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Gas vs electric: What happened to hybrid? 

Curtis Meyer, Reporter 

Now you don’t have to be a car person to have heard about the recent trend that most automobile companies are jumping on. I’m talking about the electric car craze.  

Now before you say that there have been cars like Elon Musk’s Tesla around for over a decade, I’ll do you one better. What if I told you that electric cars started life almost 2 centuries ago? The earliest electric cars were created in 1828 by Hungarian inventor Anyos Jedlik.  

Now, these early vehicles were not very effective, only going 12 or so miles on one charge. At this time the horse and buggy could do it faster, quicker, and cheaper. However, they increased in technology greatly and were very popular in Europe towards the end of the century.  

It wasn’t till 1889 that these cars were introduced to the U. S. market, but they were initially very popular. Overcrowding in cities led to overcrowding of horses, which led to a lot of dung and bad smells. See, smog is nothing new. The electric vehicle was widely used in cities like San Francisco, with a large boom happening right at the turn of the century.  

Internal Combustion was just in its early stages, and there was widespread use of electric vehicle in cities. While most rural areas still held to the horse and buggy, it was cheaper and easier to own an electric vehicle at the time.  

However, during the 20s, gasoline prices dropped, and mass production made it easier to build cars cheaply. Electric cars waned, as companies switched over to gasoline engines to meet demand. This continued until the current day, where we have the opposite occurring.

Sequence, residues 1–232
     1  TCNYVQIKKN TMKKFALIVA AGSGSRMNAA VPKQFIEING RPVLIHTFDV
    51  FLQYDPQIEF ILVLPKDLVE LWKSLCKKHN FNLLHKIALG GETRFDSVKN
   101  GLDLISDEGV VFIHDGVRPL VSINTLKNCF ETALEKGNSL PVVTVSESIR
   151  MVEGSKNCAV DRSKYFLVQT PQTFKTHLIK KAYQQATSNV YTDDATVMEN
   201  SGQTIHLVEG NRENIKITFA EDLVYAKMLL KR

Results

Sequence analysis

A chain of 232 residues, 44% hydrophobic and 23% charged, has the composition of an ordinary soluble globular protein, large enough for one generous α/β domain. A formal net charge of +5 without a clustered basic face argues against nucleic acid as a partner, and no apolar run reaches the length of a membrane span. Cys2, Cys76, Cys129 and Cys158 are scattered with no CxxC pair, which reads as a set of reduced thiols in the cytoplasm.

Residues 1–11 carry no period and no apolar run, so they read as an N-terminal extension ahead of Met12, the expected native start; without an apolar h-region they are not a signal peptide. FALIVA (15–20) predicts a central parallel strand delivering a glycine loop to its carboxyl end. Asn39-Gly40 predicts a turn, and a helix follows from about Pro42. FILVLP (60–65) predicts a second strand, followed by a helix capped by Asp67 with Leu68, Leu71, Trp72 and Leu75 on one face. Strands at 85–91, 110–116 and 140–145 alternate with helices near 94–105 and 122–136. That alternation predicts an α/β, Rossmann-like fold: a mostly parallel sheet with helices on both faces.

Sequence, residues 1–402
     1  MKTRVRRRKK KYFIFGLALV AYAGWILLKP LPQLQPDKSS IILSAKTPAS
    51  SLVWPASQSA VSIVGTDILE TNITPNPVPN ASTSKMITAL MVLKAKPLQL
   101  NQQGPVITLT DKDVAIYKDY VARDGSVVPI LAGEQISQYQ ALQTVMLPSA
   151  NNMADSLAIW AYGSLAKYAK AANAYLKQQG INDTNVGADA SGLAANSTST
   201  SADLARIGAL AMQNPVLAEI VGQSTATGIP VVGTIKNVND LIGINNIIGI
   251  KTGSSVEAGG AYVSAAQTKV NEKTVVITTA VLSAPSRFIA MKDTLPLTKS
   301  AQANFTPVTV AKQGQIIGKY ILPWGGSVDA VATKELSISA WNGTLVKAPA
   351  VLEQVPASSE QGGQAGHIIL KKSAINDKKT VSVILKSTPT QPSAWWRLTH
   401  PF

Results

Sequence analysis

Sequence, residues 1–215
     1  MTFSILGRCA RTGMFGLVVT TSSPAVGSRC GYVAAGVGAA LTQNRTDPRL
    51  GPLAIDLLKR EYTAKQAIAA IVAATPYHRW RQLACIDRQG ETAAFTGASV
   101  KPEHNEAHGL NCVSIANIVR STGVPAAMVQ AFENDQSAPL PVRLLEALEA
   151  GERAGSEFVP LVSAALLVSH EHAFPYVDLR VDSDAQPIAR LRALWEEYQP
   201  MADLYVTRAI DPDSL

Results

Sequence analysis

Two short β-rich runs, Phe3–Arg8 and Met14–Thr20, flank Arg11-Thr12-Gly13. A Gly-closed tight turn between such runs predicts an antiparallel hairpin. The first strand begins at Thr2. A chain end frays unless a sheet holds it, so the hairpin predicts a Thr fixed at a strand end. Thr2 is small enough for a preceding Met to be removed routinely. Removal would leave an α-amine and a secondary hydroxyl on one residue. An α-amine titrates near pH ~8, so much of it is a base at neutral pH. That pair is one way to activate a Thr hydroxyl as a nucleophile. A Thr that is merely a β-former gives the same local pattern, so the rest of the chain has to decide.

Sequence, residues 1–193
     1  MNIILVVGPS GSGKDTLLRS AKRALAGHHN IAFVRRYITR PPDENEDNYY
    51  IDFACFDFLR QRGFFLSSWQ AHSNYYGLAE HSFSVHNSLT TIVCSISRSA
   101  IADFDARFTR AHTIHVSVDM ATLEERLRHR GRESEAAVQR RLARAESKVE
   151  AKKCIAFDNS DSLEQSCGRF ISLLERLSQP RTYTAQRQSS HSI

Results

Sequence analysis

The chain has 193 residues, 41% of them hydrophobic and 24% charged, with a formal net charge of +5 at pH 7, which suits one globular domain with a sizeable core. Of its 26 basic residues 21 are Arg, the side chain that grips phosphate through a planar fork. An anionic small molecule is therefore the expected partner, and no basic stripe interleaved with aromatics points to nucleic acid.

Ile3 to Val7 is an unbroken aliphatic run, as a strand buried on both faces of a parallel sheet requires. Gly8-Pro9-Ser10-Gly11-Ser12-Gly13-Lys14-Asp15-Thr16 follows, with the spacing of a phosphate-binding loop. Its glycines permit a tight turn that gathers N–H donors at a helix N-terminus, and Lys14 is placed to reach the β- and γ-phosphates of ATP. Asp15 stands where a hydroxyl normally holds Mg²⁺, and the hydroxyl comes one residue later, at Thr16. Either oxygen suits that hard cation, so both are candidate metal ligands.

Now I’m not here to debate the politics behind the recent switch from gas to electric, simply discuss the logistics behind each. Now most companies have pledged to convert to fully electric as early as 2030, in Volvo’s case. While this is not necessarily a bad thing, it would be prudent for us to seek out all options.  

There has been a huge outcry against fossil fuels, with arguments about both the environment and just the sustainability of gasoline and oil. However, going to electric is not as simple as flipping a switch.  

Most importantly, we have to know what we would really be saving with electricity. According to U.S. Energy Information Administration, 61 percent of U.S. energy is produced by fossil fuels. Only 20 percent of energy is actually renewable, while the other 19 are nuclear energy.  

So in reality, changing to electric, while making a definite dent in pollution, would not solve the problem on it’s own, as the electricity used for the cars would still come from fossil fuels.  

Then there’s the question of whether or not our electrical grid can actually handle the added strain of millions of EVs. While many sources disagree on the subject, there is little debate that the electrical grid would need some serious updating. We can look at California to see the somewhat humourism situation when the State asked EV owners to charge their cars at specific times, right after announcing the State’s intentions to be gasoline free by 2035.  

The real key is to phase it in. If we were to sell our gas powered cars tomorrow and switch to electric, the grid would fail. It will take decades before we can rely on the grid to power everything. So that begs the question, why don’t we just go hybrid? 

Obviously, nothing can match the electric cars’ zero emissions, but if the power grid isn’t zero emission, then the electric cars are not going to really be perfect. With hybrid cars, we can get the best of both worlds. There are too many variations of hybrids for me to go through them here, but you can get the instant torque of electric with the reliability and low cost of gasoline.  

For many rural areas, or for long road trips, electricity just isn’t viable, as it requires time to charge and a charging port. Meanwhile, with a hybrid, you get amazing fuel efficiency, and the ability to go anywhere.  

Really it comes down to your personal beliefs and price range, and the government’s ability to keep the grid and surrounding power plants ahead of the next wave of electric vehicles.  

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